Optional lecture sponsored by the departments of history, humanities, and Spanish, and the Office for Institutional Diversity

Oaxaca Resurgent: Indigeneity, Development, and Inequality in Twentieth-Century Mexico
Alan Shane Dillingham, citizen of the Choctaw Nation of Oklahoma and Assistant Professor of Latin American History at Albright College.

5:00 PM, Vollum lecture hall

Wed 23 Feb

Assignment
Lecture: “MEXICAN MURALISM, 1920-1940”
William Diebold

Fri 25 Feb

Assignment
Lecture: "LOS OLVIDADOS: SPACE, VIOLENCE, DREAM"
Marat Grinberg

Week 6

Mon 28 Feb

Assignment
Lecture: “GENDER AND GENRE, MODERNISM AND MEXICANIDAD: FRIDA KAHLO AND MARÍA IZQUIERDO”
Gail Sherman

Wed 2 Mar

Assignment
Lecture: “REPRESENTATION AND ITS DISCONTENTS”
JAN MIESZKOWSKI

Fri 4 Mar

Assignment
Lecture: “THE INCONVENIENCE OF REVOLUTION: ZAPATISMO, CYNICISM, DIGNITY AND MEMORY”
Christian Kroll

Week 7

Aesthetics and Politics: Harlem

Mon 7 Mar

Assignment
  • Introduction and resources
  • Ida B. Wells, Southern Horrors: Lynch Law in All Its Phases, in Southern Horrors and Other Writings: The Anti-Lynching Campaign of Ida B. Wells, 1892-1900, 2nd ed., ed. Jacqueline Jones Royster (Boston: Bedford/St. Martin’s, 2016), 46-68.
  • Booker T. Washington, “The Atlanta Exposition Address,” in Up from Slavery (Boston: Bedford/St. Martin’s, 2003), 141-151.
  • Du Bois, Souls of Black Folk, chapter 3.
Lecture: "STRANGE FRUIT"
Pancho Savery

Wed 9 Mar

Assignment
Lecture: “W.E.B. DUBOIS'S "DOUBLE CONSCIOUSNESS" AS THEORY AND FORM: “WHAT I HAVE BRIEFLY SKETCHED IN LARGE OUTLINE, LET ME TELL AGAIN IN MANY WAYS””
Nathalia King

Fri 11 Mar

Assignment
Lecture: "WHO, HOW, AND WHY NOT?: QUESTIONING AFRICAN AMERICAN SPIRITUALS"
Mark Burford

Sat 12 Mar

Sixth Paper Due

Due Saturday, March 12, at 5:00 PM to your conference leader.

View Paper Topics

Week 8

Mon 14 Mar

Assignment
  • Charles W. Chesnutt, The Wife of His Youth, The wife of His Youth, and other Stories of the Color Line, pp. 1-24, Houghton, Mifflin and Company, 1899. PDF version.
  • Du Bois’ “The Talented Tenth” essay (Appendix II from the Oxford World Classics edition of The Souls of Black Folk.)
Lecture: "Fictions of Uplift: Education and the Color Line"
Sarah Wagner-McCoy

Wed 16 Mar

Assignment
Lecture: "MOVING THE COLOR LINE: JACOB LAWRENCE'S "MIGRATION SERIES"
Nathalia King

Fri 18 Mar

Assignment
  • Introduction and resources
  • James Weldon Johnson, “The Making of Harlem,” in Survey Graphic, 635-639.
  • Saidiya Hartman, “A Note on Method,” “Mistah Beauty: the Autobiography of an Ex-Colored Woman, Select Scenes from a Film Never Cast by Oscar Micheaux, Harlem, 1920s,” “Revolution in a Minor Key,” “Wayward: A Short Entry on the Possible,” and “The Anarchy of Colored Girls Assembled in a Riotous Manner,” in Wayward Lives, Beautiful Experiments: Intimate Histories of Social Upheaval (New York: Norton, 2019),  xiii-xvi, 192-202, 216-256.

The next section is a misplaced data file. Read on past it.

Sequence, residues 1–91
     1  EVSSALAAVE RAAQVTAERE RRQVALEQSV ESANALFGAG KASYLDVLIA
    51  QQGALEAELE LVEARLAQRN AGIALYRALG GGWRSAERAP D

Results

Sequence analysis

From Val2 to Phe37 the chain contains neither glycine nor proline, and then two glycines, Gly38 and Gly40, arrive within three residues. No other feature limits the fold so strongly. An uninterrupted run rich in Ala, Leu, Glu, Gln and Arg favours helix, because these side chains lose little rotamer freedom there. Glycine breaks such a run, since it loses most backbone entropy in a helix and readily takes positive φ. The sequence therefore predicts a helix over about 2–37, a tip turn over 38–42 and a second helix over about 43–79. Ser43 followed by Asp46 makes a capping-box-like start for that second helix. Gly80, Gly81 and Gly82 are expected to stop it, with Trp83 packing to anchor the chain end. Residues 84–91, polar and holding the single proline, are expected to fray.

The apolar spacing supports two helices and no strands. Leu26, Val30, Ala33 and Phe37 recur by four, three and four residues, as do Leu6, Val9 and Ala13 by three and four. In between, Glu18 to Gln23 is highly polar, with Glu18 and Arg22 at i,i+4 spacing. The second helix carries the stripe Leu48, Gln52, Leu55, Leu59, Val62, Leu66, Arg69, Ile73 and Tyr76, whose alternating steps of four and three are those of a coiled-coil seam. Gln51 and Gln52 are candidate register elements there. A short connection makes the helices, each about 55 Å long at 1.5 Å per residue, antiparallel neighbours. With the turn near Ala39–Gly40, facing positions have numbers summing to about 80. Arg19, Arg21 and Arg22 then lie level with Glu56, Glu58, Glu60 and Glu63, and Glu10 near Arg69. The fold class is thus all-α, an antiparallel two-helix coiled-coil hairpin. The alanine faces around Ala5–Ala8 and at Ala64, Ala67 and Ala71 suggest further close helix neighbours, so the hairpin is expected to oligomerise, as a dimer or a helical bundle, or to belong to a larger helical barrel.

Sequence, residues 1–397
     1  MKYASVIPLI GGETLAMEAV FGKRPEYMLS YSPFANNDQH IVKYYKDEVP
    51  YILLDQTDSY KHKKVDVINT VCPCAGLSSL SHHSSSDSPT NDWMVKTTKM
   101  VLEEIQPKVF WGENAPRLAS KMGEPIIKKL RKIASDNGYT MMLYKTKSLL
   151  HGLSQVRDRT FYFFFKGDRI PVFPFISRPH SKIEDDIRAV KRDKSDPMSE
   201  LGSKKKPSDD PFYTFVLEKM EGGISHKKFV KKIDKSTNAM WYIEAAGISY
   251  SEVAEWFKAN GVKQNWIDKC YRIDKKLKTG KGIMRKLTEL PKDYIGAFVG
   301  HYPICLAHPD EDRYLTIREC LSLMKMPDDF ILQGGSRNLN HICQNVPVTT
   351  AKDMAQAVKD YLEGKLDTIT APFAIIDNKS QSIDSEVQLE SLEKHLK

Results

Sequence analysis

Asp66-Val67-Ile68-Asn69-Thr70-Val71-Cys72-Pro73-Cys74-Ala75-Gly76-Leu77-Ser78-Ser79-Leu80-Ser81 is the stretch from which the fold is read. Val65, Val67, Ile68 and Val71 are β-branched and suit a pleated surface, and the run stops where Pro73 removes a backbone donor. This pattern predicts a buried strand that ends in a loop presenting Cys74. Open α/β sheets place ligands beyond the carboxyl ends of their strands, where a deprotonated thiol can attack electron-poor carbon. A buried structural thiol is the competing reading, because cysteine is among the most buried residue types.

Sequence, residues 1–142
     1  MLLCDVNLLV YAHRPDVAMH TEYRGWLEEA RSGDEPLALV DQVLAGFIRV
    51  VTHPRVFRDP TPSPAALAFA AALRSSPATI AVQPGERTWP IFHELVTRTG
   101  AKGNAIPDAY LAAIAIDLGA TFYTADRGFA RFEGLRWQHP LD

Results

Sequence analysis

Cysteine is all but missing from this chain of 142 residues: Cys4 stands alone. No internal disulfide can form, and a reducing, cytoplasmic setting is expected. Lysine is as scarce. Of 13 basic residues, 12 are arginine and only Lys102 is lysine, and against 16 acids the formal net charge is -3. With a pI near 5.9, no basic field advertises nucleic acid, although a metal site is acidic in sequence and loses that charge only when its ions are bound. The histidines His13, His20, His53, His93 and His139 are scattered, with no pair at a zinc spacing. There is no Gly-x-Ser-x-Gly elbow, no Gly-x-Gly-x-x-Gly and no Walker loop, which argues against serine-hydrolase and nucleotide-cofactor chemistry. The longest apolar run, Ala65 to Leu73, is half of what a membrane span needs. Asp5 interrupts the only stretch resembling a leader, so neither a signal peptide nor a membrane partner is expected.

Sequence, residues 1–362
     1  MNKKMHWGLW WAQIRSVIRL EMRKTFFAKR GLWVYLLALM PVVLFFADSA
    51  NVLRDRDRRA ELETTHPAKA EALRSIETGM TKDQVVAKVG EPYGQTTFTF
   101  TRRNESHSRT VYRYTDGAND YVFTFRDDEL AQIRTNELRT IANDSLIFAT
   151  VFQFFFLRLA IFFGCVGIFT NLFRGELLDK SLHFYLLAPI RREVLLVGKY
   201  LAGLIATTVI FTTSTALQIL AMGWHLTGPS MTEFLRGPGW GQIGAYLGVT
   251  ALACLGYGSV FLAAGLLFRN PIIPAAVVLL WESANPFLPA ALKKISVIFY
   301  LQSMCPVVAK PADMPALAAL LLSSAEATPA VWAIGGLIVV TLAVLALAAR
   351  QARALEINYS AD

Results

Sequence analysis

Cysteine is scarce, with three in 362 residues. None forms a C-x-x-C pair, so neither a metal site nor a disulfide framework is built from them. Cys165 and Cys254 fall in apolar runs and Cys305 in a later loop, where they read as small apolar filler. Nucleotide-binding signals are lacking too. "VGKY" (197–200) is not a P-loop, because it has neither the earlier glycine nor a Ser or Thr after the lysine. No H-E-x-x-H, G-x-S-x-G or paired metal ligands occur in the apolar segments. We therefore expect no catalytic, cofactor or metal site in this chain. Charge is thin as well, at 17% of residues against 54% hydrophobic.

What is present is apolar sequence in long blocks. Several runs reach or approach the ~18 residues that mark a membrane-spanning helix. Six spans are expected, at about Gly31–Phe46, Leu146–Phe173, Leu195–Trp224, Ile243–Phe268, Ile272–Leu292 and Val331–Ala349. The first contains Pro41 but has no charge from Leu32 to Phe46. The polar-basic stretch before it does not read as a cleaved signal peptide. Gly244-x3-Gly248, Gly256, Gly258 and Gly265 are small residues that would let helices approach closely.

Lecture: “HARLEM, NEW YORK: CITY WITHIN A CITY”
Margot Minardi

Sat 19 Mar

Spring Break

March 19 – March 27

Week 9

Mon 28 Mar

Assignment
  • Introduction and resources
  • W.E.B. Du Bois, Credo” and “Souls of White Folk, in Darkwater: Voices from Within the Veil, (New York, Schocken Books, 1969), vii-viii, 3-4, 29-52.
  • W.E.B. Du Bois, “Returning Soldiers,” in The Portable Harlem Renaissance Reader, ed. Lewis, 3-5.
  • W.E.B. Du Bois, Souls of Black Folk, chapter 13
Lecture: "WHITE SUPREMACY, BLACK DEMOCRACY: W.E.B. DU BOIS AND THE NAACP"
Paddy Riley

Wed 30 Mar

Assignment
Lecture: "THE WORLD IN HARLEM, HARLEM IN THE WORLD"
RADHIKA NATARAJAN

Fri 1 Apr

Assignment
  • Introduction and resources
  • Survey Graphic
    • Cover;
    • Table of contents and "The Gist of It" (p. 627);
    • Locke, "Harlem" pp. 629-30;
    • Locke, "Enter the New Negro pp. 631-34;
    • Reiss, "Harlem Types" pp. 651-54
    • Locke, "The Art of the Ancestors" p. 673.
  • In The Portable Harlem Renaissance Reader, ed. Lewis: Du Bois, "Criteria of Negro Art" pp. 100-105. 
Lecture: "ALAIN LOCKE, HARLEM, RENAISSANCE"
Paul Hovda

Week 10

Mon 4 Apr

Assignment
Lecture: "Women and the Stake of Sex in Jean Toomer's Cane"
Jin Chang

Wed 6 Apr

Assignment
Lecture: "FORMAL INNOVATION AND TRAGIC BEAUTY IN JEAN TOOMER'S CANE"
Dustin Simpson

Fri 8 Apr

Assignment
  • Introduction and resources
  • In The Portable Harlem Renaissance Reader, ed. Lewis: 
    • Langston Hughes, “The Negro Artist and the Racial Mountain,” 91–95.
    • George S. Schuyler, “The Negro-Art Hokum,” 96–99. 
    • Countee Cullen, "Yet Do I Marvel," 244.
    • Claude McKay, "If We Must Die," 290 "The White House," 291 "The Harlem Dancer," 296.
    • Helene Johnson, "My Race," "A Southern Road," "Sonnet to a Negro in Harlem," "Poem," 276-278.
    • Gwendolyn Bennet, "Hatred," 223.
    • James Weldon Johnson, "The Creation," 286-288.
    • Sterling Brown,"Odyssey of Big Boy," 229-231
    • Langston Hughes, poems, 257-267
Lecture: "Poetry of the Harlem Renaissance"
Dustin Simpson

Week 11

Mon 11 Apr

Assignment
  • Conference leader's choice.
Lecture: No lecture

Wed 13 Apr

Assignment
  • Introduction and resources
  • Hurston, Their Eyes Were Watching God, 1-115 (chapters 1-12). 
  • Zora Neale Hurston, “What White Publishers Won’t Print,” in I Love Myself When I Am Laughing...And Then Again When I Am Looking Mean and Impressive: A Zora Neale Hurston Reader, ed. Alice Walker (Old Westbury, N.Y.: Feminist Press, 1979), 169-173.
Lecture: "Hungry Listening"
Elizabeth Drumm

Fri 15 Apr

Assignment
Lecture: "FROM MULES TO MEN, ANIMALS IN THEIR EYES WERE WATCHING GOD”
Kritish Rajbhandari

Sat 16 Apr

Seventh Paper Due

Due Saturday, April 16, at 5:00 PM to your conference leader.

View Paper Topics

Week 12

Mon 18 Apr

Assignment
  • Introduction and resources
  • In The Portable Harlem Renaissance Reader, ed. Lewis:
    • Langston Hughes, "The Weary Blues" and "Jazzonia" (pp. 260-261)
    • Langston Hughes, "The Blues I'm Playing" (pp. 619-627)
  • Listening guide
  • Listening assignment. All recordings, in order, can be found here
    • W.C. Handy, “St. Louis Blues”
    • Bessie Smith, Louis Armstrong, “St. Louis Blues”
    • Ida Cox, “Wild Women Don’t Have the Blues”
    • Ida Cox, “Graveyard Dream Blues”
    • Ma Rainey, “Runaway Blues”
    • Blind Willie Johnson, “Dark Was the Night, Cold Was the Ground”
    • Blind Willie Johnson, Willie B. Richardson, “The Soul of a Man”
    • Skip James, “Devil Got My Woman”
    • Count Basie, “Boogie Woogie Blues”
    • Sister Rosetta Tharpe, “Strange Things Happening Every Day”
    • Chuck Berry, “Roll Over Beethoven"
    • Duke Ellington, "Happy Go Lucky Local" 
Lecture: "The Many-Sided Blues"
Paul Hovda

Wed 20 Apr

Assignment
Lecture: "IS YOU GOT THE DOG?"
Pancho Savery

Fri 22 Apr

Assignment
Lecture: "Invisible Man: An Apprenticeship in Identity."
Jin Chang

Week 13

Mon 25 Apr

Assignment
Lecture: "Boomerangs of History: Dispossession, Hibernation and Communism (a conversation)"
Kritish Rajbhandari and Christian Kroll

Wed 27 Apr

Assignment
Lecture: No lecture

Fri 29 Apr

Assignment
Lecture: "BEHOLD THE INVISIBLE"
Pancho Savery

Week 15

Wed 11 May

Final Exam

Wednesday, May 11, 1:00 PM – 5:00 PM

Exam Instructions
Exam Website